Details of the revised lease extension and development plan for the Baltimore Orioles were revealed Friday afternoon, ahead of key approval votes set for Monday.
The deal was reached between Gov. Wes Moore’s team and the Orioles after an intense round of negotiations over the past week. Both sides aimed to address concerns raised one week ago, when they were on the cusp of publicly announcing a deal.
The full agreement has not yet been made public. But the state posted a four-page summary Friday afternoon.
Here’s what’s in the deal and what’s changed in the past week.
Length of the lease
Initially, the Orioles will extend the terms of their current lease — which originated in 1992 — for 30 years until Dec. 31, 2053, with options for extensions beyond that. They will continue to pay rent to the state, using a formula based on ticket sales and other revenues.
There are options to change the terms of the lease and, under one scenario, it would be possible for the lease to end after 15 years.
The Orioles will have until the end of 2027 to reach an agreement on a ground lease and redevelopment plan around the stadium. The area for development is not outlined in the summary, but a previous framework allowed for redevelopment of the B&O Warehouse, the vacant Camden Station building and an adjacent parking lot.
If the ground lease and development plan does not win all the necessary approvals — including from a committee within the General Assembly — the team has multiple options.
At that point, the team could continue for the remainder of the 30-year lease, adjust some of the terms of the 30-year lease or end the lease after a total of 15 years.
A prior version of the deal that was circulated then scuttled last week gave the team a back-out option after only 10 years.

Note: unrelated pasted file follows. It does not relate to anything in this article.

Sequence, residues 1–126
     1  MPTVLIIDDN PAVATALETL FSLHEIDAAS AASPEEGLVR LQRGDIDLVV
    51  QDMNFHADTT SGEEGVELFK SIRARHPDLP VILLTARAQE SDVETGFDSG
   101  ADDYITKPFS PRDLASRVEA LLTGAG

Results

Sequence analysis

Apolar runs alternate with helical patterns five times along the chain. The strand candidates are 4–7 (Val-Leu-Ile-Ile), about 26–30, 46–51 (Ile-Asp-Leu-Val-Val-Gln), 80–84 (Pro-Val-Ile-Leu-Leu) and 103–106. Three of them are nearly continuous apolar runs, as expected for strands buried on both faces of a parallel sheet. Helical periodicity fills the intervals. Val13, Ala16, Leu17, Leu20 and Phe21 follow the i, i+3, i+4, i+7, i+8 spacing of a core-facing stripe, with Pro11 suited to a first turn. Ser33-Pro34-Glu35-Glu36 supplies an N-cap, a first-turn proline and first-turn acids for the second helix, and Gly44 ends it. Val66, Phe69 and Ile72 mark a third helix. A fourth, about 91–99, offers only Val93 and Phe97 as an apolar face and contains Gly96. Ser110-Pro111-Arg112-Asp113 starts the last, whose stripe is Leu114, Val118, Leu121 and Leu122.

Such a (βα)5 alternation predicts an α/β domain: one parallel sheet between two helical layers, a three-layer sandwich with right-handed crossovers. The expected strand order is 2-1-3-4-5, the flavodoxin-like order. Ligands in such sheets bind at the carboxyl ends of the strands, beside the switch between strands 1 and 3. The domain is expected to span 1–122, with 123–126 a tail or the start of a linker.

Another detail that seems to be gone: Prior versions called for the Orioles to have a 99-year ground lease for the redevelopment area, paying about $94 million total over the term. There’s now not a set timetable or rent payment for the ground lease — clearly something to be negotiated between now and 2027.
Taxpayer-financed bonds for upgrades
Once the deal is finalized and executed, the Orioles and the Maryland Stadium Authority will be able to tap up to $600 million in taxpayer-financed bonds that would pay for major renovations and upgrades.
The bonds were previously authorized by state lawmakers for both the Orioles and the Ravens — conditioned on the teams signing long-term leases. The Ravens already have started using bond money toward renovations at neighboring M&T Bank Stadium.
The Maryland Stadium Authority would control the projects and contracts carried out with the bond funding.
The new agreement appears to allow the Orioles and the stadium authority to start the process to access some of the $600 million as soon as the lease is signed. The state could pursue the amount of outstanding bonds if the team were to relocate before they were repaid.
The prior version last week initially limited the Orioles to $45 million unless their redevelopment plans were approved and they committed to remaining for the full 30 years.
Rent and taxes
The current lease and the initial extension have the team paying rent on a sliding scale based on a formula.